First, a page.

Fisheries and Oceans Canada

Fisheries and Oceans Canada

April 24, 2012 11:06 ET

Harper Government Commits to the Responsible Protection and Conservation of Canada's Fisheries

OTTAWA, ONTARIO--(Marketwire - April 24, 2012) - The Honourable Keith Ashfield, Minister of Fisheries and Oceans Canada, announced that the Harper government will introduce changes to protect the productivity of recreational, commercial and Aboriginal fisheries. This means focusing protection rules on real and significant threats to these fisheries and the habitat that supports them while setting clear standards and guidelines for routine projects. It also means strengthening partnerships with provinces and conservation groups as well as creating better tools to ensure compliance and enforce the rules where necessary.

"Our government is committed to adopting a more sensible and practical approach to protecting Canada's fisheries and making sure they are productive and sustainable for future generations," said Minister Ashfield.

"We have been clear that the current rules governing the protection of fish habitat are indiscriminate and unfocused and do not reflect the priorities of Canadians," continued Minister Ashfield. "We are committed to making sure our rules protect the fisheries that Canadians value and the habitat that supports them. We can do this while giving Canadians the freedom to maintain their properties and minimizing restrictions on everyday activities that have little to no impact on Canada's fisheries."

Under the Fisheries Act, no distinction is drawn between the vital waterways, lakes and rivers that support Canada's fisheries and small bodies of water that may not even be home to fish. For example, under the current system, drainage ditches, man made reservoirs and irrigation channels are subject to the same rules and guidelines as rivers, lakes, and oceans that support fish and local fisheries.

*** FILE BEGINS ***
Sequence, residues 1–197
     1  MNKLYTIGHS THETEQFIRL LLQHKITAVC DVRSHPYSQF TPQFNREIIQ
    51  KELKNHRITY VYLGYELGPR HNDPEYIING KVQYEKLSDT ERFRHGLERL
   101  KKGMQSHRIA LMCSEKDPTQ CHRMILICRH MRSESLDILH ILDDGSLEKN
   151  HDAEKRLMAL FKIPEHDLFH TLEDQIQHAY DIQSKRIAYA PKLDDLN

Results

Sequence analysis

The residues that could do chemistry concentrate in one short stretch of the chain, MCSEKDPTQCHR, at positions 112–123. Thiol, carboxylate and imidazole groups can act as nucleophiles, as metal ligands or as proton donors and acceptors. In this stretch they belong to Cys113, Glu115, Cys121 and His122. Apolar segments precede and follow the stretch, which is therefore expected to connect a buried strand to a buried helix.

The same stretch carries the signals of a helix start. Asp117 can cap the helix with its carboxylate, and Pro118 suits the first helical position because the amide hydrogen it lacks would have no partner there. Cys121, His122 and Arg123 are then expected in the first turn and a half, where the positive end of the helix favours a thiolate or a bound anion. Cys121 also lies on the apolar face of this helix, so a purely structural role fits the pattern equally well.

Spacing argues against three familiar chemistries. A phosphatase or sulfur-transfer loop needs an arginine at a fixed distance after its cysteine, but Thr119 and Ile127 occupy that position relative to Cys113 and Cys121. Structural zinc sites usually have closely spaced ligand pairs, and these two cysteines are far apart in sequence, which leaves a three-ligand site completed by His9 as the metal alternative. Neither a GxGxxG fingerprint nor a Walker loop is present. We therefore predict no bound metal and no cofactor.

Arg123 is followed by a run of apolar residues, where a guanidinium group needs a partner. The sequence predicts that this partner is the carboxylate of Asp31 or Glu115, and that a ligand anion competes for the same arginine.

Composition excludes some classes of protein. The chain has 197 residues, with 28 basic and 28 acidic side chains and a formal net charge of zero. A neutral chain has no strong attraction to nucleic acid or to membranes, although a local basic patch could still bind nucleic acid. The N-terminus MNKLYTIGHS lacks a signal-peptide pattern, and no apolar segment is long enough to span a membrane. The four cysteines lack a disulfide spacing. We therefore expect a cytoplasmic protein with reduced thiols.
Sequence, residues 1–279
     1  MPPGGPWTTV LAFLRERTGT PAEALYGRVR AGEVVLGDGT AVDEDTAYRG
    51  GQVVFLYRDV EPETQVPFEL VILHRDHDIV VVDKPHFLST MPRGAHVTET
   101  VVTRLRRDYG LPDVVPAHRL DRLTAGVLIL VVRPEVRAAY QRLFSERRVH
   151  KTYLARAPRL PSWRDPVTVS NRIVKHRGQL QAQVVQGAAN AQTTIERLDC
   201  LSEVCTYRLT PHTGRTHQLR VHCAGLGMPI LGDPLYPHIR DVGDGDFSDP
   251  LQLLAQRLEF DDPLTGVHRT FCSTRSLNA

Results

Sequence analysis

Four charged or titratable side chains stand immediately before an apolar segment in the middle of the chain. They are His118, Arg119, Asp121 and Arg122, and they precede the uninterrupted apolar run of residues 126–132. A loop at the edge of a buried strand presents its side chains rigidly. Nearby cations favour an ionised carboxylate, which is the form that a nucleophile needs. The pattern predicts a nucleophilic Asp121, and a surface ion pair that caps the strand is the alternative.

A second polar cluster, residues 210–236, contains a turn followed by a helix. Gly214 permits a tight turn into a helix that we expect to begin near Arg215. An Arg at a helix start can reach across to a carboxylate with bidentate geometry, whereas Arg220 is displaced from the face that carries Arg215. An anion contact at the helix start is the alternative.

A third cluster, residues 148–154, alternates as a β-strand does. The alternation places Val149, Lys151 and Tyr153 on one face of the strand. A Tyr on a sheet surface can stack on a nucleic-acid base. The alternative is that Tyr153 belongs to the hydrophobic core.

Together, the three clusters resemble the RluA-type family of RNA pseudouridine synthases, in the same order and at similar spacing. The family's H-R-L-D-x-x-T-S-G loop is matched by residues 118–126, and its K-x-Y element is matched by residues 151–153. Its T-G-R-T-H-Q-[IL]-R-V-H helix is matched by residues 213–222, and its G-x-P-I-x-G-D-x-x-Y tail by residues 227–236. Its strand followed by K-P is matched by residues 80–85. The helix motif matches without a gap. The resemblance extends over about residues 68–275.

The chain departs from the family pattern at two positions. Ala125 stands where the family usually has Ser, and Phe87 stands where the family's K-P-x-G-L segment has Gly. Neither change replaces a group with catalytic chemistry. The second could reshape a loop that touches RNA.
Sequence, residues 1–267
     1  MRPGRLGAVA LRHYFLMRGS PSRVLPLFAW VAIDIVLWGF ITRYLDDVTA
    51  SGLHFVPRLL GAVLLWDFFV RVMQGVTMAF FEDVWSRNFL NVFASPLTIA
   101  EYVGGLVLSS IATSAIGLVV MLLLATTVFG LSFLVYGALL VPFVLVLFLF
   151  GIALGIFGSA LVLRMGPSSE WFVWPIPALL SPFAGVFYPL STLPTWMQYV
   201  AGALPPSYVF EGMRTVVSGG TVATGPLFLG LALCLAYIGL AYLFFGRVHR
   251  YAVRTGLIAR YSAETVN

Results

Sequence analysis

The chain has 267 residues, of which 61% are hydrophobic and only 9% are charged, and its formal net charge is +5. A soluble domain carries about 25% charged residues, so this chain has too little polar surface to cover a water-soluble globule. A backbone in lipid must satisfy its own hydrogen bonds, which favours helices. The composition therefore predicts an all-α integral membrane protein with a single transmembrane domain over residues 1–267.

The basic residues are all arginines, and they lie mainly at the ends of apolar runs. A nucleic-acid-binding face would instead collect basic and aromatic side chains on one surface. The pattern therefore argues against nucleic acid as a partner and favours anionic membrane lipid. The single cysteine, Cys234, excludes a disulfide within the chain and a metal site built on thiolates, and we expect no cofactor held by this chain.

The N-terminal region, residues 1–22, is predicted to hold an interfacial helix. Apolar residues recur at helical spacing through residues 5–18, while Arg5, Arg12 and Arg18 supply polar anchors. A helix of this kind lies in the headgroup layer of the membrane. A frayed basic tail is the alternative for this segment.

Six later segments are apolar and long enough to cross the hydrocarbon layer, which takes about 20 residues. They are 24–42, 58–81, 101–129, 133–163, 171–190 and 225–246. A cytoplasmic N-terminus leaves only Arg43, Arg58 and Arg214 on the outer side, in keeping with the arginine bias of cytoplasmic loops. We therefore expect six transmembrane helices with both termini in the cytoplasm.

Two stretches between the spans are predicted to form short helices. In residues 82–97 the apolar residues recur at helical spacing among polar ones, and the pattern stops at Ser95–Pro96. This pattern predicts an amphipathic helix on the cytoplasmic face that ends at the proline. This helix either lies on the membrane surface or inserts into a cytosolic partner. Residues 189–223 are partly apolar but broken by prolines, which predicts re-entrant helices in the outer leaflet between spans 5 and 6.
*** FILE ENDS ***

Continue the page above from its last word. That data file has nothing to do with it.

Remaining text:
"The Ontario Federation of Anglers and Hunters (OFAH) agrees that Canada's fish habitat protection policies need to be improved and we are encouraged by the government's commitment to the conservation of Canada's recreational fisheries" said Dr. Terry Quinney, Provincial Manager of Fish and Wildlife Services. We are convinced that with the participation of stakeholders like the OFAH and others across the country, that better protection and enhancement of our fisheries, habitat and aquatic ecosystems can be achieved. We look forward to working with the Minister and Government of Canada on these important issues."

"Our government recognizes that Canada's fisheries are important to Canadians. We simply want the rules to focus on these priorities and ensure our fisheries continue to be protected," said the Minister.

According to the most recent survey on recreational fishing in Canada, recreational fishing generates approximately $8.3 billion of economic activities to local economies across Canada. Approximately 3.3 million Canadians take part in recreational fisheries and the industry brings over 2 million tourists into the country every year. Fish and seafood is one of the largest single food commodities exported by Canada. The commercial fishing, aquaculture and processing sectors employ about 80,000 Canadians. The Government also recognizes the importance of fishing to the Aboriginal people of Canada and will continue to respect Aboriginal and treaty rights and protect food, social and ceremonial fisheries.




On April 24, 2012, the Honourable Keith Ashfield, Minister of Fisheries and Oceans, announced new changes to the laws protecting fish and fish habitat. The existing rules treat all bodies of water in the same way, regardless of size, environment or contribution to the fishery. The new changes will protect the productivity of Canada's fisheries and provide much-needed clarity to Canadians.

These new changes will focus the rules by: